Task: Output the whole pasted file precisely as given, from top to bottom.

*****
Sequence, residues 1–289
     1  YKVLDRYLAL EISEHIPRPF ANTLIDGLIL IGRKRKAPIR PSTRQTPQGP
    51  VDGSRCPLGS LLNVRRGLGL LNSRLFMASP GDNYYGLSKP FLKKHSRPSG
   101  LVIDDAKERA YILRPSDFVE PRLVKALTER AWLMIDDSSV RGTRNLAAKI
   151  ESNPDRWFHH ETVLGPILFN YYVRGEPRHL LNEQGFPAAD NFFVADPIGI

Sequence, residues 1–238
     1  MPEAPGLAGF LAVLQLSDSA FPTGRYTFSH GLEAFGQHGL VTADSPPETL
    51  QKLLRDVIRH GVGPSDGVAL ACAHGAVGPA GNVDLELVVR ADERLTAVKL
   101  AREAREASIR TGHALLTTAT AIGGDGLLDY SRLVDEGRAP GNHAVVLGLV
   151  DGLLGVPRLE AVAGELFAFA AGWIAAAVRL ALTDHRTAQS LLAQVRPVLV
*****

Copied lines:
Sequence, residues 1–289
     1  YKVLDRYLAL EISEHIPRPF ANTLIDGLIL IGRKRKAPIR PSTRQTPQGP
    51  VDGSRCPLGS LLNVRRGLGL LNSRLFMASP GDNYYGLSKP FLKKHSRPSG
   101  LVIDDAKERA YILRPSDFVE PRLVKALTER AWLMIDDSSV RGTRNLAAKI
   151  ESNPDRWFHH ETVLGPILFN YYVRGEPRHL LNEQGFPAAD NFFVADPIGI

Sequence, residues 1–238
     1  MPEAPGLAGF LAVLQLSDSA FPTGRYTFSH GLEAFGQHGL VTADSPPETL
    51  QKLLRDVIRH GVGPSDGVAL ACAHGAVGPA GNVDLELVVR ADERLTAVKL
   101  AREAREASIR TGHALLTTAT AIGGDGLLDY SRLVDEGRAP GNHAVVLGLV
   151  DGLLGVPRLE AVAGELFAFA AGWIAAAVRL ALTDHRTAQS LLAQVRPVLV